Author Affiliations: Division of Geriatrics, University of California, San Francisco, and the San Francisco VA Medical Center, San Francisco, California (Dr Steinman); Division of Geriatric Medicine, Department of Medicine, Department of Epidemiology, and Department of Pharmacy and Therapeutics, University of Pittsburgh; Geriatric Research Education and Clinical Center, and Center for Health Equity Research and Promotion, Veterans Affairs Pittsburgh Healthcare System (Dr Hanlon), Pittsburgh, Pennsylvania.
Multiple medication use is common in older adults and may ameliorate symptoms, improve and extend quality of life, and occasionally cure disease. Unfortunately, multiple medication use is also a major risk factor for prescribing and adherence problems, adverse drug events, and other adverse health outcomes. Using the case of an older patient taking multiple medications, this article summarizes the evidence-based literature about improving medication use and withdrawing specific drugs and drug classes. It also describes a systematic approach for how health professionals can assess and improve medication regimens to benefit patients and their caregivers and families.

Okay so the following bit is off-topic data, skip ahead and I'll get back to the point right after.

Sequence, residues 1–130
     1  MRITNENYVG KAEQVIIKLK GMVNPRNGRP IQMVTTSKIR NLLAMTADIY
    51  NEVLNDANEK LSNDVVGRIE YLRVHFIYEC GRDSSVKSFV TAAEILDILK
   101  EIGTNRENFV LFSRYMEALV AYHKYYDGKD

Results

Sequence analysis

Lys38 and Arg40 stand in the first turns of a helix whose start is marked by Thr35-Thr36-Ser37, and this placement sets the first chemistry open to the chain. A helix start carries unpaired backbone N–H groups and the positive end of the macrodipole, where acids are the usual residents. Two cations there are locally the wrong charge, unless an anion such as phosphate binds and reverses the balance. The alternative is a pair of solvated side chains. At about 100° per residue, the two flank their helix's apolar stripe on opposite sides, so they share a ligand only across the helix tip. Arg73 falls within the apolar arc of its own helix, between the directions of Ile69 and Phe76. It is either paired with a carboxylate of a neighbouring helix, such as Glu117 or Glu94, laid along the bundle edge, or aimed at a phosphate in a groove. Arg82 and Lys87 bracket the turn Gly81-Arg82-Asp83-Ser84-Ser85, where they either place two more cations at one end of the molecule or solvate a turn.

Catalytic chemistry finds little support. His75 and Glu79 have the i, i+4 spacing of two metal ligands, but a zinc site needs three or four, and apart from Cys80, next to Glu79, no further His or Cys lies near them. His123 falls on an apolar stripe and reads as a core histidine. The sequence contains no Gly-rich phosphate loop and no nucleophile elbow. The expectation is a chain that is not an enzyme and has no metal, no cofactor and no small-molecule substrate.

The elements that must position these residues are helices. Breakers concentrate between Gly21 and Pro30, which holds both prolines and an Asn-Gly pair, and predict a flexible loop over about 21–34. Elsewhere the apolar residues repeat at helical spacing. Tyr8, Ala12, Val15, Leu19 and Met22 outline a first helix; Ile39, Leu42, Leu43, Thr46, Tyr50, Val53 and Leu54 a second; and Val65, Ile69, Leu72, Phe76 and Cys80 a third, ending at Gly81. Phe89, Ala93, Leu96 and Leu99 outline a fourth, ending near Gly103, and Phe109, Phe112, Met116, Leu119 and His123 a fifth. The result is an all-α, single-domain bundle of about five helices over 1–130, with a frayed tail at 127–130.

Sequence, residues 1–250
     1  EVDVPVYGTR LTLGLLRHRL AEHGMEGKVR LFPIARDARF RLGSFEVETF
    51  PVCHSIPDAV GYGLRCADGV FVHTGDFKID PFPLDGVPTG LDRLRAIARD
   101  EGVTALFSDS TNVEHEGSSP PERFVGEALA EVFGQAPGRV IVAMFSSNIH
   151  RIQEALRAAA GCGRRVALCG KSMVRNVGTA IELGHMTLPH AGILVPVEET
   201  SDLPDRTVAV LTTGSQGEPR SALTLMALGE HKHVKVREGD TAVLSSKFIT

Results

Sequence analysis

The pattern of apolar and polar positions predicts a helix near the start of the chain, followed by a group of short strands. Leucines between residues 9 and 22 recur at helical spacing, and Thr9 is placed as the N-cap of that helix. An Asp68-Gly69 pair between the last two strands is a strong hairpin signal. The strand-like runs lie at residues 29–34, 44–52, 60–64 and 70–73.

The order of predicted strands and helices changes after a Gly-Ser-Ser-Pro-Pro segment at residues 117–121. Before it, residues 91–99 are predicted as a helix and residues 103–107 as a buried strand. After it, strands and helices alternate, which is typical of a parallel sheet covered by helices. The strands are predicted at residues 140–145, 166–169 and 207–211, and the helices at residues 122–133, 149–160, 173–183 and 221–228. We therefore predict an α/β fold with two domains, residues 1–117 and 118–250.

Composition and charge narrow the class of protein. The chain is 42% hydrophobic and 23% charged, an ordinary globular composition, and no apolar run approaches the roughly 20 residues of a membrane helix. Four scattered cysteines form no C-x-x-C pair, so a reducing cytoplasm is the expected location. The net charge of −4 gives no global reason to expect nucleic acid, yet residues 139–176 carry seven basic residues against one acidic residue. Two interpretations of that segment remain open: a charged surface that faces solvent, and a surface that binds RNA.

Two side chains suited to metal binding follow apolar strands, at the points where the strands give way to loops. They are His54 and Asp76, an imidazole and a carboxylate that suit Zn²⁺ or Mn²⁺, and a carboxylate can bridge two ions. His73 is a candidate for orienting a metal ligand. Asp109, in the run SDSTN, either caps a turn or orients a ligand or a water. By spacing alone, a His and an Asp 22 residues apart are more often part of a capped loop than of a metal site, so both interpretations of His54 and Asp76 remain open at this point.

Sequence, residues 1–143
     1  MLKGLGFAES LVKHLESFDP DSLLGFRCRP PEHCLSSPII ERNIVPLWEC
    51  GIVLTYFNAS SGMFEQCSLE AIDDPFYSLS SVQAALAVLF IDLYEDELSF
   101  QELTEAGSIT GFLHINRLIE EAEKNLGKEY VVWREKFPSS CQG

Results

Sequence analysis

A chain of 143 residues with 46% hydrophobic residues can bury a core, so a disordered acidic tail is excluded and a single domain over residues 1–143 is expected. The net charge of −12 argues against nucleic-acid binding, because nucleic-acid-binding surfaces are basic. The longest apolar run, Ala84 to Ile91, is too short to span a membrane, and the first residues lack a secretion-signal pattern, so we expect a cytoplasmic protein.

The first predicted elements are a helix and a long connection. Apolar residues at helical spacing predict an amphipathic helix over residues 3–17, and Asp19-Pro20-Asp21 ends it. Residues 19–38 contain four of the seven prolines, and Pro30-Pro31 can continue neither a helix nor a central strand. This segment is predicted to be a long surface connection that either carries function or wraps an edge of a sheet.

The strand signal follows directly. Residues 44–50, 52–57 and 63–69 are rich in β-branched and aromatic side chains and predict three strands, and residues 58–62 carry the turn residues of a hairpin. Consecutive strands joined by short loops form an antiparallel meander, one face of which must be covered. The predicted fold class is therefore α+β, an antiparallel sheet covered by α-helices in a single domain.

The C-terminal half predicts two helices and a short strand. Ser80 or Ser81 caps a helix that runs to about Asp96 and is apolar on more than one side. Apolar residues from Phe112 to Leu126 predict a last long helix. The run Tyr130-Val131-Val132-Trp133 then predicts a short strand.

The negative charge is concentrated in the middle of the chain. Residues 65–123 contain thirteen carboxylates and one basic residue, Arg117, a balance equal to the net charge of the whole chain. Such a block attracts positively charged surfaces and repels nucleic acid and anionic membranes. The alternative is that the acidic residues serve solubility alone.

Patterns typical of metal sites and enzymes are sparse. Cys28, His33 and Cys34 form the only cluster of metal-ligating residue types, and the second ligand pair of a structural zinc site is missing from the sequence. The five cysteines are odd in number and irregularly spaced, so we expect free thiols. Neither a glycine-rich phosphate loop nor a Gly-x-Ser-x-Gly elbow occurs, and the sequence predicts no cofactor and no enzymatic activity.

Steinman MA, Hanlon JT. Managing Medications in Clinically Complex Elders“There's Got to Be a Happy Medium”. JAMA. 2010;304(14):1592-1601. doi:10.1001/jama.2010.1482